Fields of Play

An Ethnography of Children's Sports
Author: Noel Dyck
Publisher: University of Toronto Press
ISBN: 1442600799
Category: Social Science
Page: 214
View: 5854

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At a time when people are living into their tenth decade, the longest longitudinal study of human development ever undertaken offers welcome news for old age: our lives evolve in our later years and often become more fulfilling. Reporting on all aspects of male life Triumphs of Experience shares a number of surprising findings.

Hidden Heads of the Households

Child Labor in Urban Northeast Brazil
Author: Mary Lorena Kenny
Publisher: University of Toronto Press
ISBN: 9781442600843
Category: Political Science
Page: 144
View: 5731

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"Kenny treats the often taboo topic of child labor with clear-eyed perception and a bracing lack of sentimentality." - Barbara J. Price, Columbia University

Made in Madagascar

Sapphires, Ecotourism, and the Global Bazaar
Author: Andrew Walsh
Publisher: University of Toronto Press
ISBN: 1442694750
Category: Social Science
Page: 128
View: 9578

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Since the 1990s, the Ankarana region of northern Madagascar has developed a reputation among globe-trotting gemstone traders and tourists as a source of some of the world's most precious natural wonders. Although some might see Ankarana's sapphire and ecotourist trades as being at odds with each other, many local people understand these trades to be fundamentally connected, most obviously in how both serve foreign demand for what Madagascar has to offer the world. Walsh explores the tensions and speculations that have come with the parallel emergence of these two trades with sensitivity and a critical eye, allowing for insights into globalization, inequality, and the appeal of the "natural." For more information, and to read a hyperlinked version of the first chapter online, visit

Migrants to the Coasts: Livelihood, Resource Management, and Global Change in the Philippines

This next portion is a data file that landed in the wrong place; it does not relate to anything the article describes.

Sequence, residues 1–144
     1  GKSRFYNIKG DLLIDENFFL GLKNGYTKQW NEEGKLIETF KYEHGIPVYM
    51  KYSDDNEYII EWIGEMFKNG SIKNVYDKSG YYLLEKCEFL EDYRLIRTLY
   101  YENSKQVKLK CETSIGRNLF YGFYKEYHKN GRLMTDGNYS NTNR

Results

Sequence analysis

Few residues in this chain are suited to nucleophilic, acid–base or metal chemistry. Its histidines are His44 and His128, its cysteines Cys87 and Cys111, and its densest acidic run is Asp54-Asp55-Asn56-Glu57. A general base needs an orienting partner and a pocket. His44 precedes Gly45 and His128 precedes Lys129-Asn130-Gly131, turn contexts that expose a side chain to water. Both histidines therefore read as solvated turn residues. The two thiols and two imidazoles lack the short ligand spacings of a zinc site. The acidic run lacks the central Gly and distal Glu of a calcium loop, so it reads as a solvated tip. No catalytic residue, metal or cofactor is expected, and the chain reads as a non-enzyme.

Author: James Eder
Publisher: Cengage Learning
ISBN: 0495095249
Category: Social Science
Page: 192
View: 322

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This case study explores the impact of globalization on environmental and human well being in the coastal zone of Palawan Island in the Philippines. The reader will learn about histories, livelihoods, gender roles, socio-economic hierarchies, and the interdependency of fishing and farming in communities whose members are of different ethnic backgrounds and who originally settled or recently migrated to this region. Each of these communities has a unique pattern for using resources with a corresponding impact on the environment. Globalization affects local patterns of resource exploitation by causing population growth and introducing technologies and market forces that intensify destructive kinds of resource use. The movement to conserve the natural environment also has a global reach, as illustrated by an unsuccessful attempt to establish a series of marine protected areas in the municipality of San Vicente. The author bases his assessment of this failure on interviews conducted in four of the ten communities in San Vicente, and on a comparative analysis of similar projects in the Philippines and elsewhere. Although officials cited technical problems, the failure to establish viable marine protected areas was primarily due to lack of real local participation and inattention to people’s daily needs in pursuing their livelihoods. As infrastructure and the social environment change, some households on their own find new ways to make a living that reduce the pressure on marine resources. The author concludes by suggesting that conservation policies and projects have greater chance for success by facilitating appropriate new ways of making a living. Important Notice: Media content referenced within the product description or the product text may not be available in the ebook version.